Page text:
Despite the support OSWCC has always given my writing, I was really nervous about my presentation, because these are people I know. It’s different doing a reading at a library or convention where the audience is people you’ve never met. But you know what? Once I started, I wound up having fun. And people said some incredibly nice things to me afterward, and I was grateful to Matt for the opportunity and glad to have made a few people laugh, and happy to have sparked some other childhood memories.
I’ve missed this. And even if I don’t meet my goal of making it to a North Region meeting again soon, I’m awfully glad I made the trip.
(Also: If you’re a Star Wars fan and you live in Ohio, and you haven’t looked into joining OSWCC, why the heck not?)
I did not intend to take a three-and-a-half-month spring-and-summer break from Cornfield Meet, but it’s been an inspiring and energizing “vacation.”
And it’s not like I haven’t been writing at all: I did a couple book reviews at GeekDad, and an 11,000-word travelogue on a cross-country adventure my daughter and I undertook – some of which will wind up here eventually – and I write regularly in the course of my job.
Still, the list of “Stuff I Want to Write” (an actual handwritten document here on my desk, I swear) has reached an alarming length, so it’s time to just sit down and start hammering away at these things, even if they’re mostly just for fun.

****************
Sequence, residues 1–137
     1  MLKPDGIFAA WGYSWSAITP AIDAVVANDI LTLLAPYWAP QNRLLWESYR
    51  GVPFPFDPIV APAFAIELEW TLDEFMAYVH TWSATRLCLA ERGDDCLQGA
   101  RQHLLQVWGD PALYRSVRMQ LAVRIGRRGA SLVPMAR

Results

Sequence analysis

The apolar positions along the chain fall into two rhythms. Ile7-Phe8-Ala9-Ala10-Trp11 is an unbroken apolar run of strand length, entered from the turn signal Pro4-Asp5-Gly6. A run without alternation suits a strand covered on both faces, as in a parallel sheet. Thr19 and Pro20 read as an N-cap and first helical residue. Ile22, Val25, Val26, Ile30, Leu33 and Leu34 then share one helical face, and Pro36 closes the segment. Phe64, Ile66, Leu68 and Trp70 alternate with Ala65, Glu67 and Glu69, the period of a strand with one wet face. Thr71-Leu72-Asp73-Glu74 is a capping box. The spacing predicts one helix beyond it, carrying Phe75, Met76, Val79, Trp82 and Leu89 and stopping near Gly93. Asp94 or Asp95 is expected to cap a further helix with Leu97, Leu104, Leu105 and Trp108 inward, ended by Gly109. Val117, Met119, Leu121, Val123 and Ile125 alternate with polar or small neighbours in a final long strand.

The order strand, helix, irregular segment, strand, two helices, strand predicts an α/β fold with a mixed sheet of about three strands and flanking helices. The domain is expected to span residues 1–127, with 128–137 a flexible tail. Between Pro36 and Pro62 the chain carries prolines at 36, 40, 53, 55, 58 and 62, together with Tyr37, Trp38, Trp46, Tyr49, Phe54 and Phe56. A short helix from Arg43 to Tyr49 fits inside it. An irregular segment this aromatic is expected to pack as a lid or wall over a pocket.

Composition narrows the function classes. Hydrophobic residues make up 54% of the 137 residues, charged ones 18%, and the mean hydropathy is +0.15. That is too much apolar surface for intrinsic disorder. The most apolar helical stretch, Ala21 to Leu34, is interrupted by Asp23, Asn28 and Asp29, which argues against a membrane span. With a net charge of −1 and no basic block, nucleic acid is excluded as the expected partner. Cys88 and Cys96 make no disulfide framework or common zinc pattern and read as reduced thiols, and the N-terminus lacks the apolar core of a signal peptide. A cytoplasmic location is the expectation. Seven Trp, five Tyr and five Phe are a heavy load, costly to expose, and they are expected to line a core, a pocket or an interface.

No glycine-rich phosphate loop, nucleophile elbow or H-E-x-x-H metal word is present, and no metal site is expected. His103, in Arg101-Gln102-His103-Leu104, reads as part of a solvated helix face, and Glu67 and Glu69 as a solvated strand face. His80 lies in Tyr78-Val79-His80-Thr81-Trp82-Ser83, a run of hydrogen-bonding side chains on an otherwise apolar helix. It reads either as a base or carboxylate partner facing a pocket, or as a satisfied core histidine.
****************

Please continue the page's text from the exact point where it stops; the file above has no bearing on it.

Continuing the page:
From a recent exercise in storytelling. Assignment: In roughly 100 words, describe a time when your life changed.
At the last minute, I threw out my first, more serious draft, switched topics entirely, and wrote on the fly -
When we got home, I couldn’t get to my crayons fast enough.
I couldn’t find the black one, so I skipped Darth Vader and drew my stormtroopers in blue-green.
That’s how I remember the first time I saw Star Wars. I was six.
Since then, I have seen better movies. I have read better stories.
But this was more than spaceships and lasers and robots:
Star Wars is what got me interested in science and writing and history and mythology; in authors, characters, symbols, and archetypes; in storytelling and classically-inspired music and film-making.
This was a Big Bang. This was my world blowing up.
Also: spaceships and lasers and robots.
I liked the way it turned out, and it got a good reception. I saved it because I enjoyed looking deeper than nostalgia and remembering the first time someone else’s art really inspired me.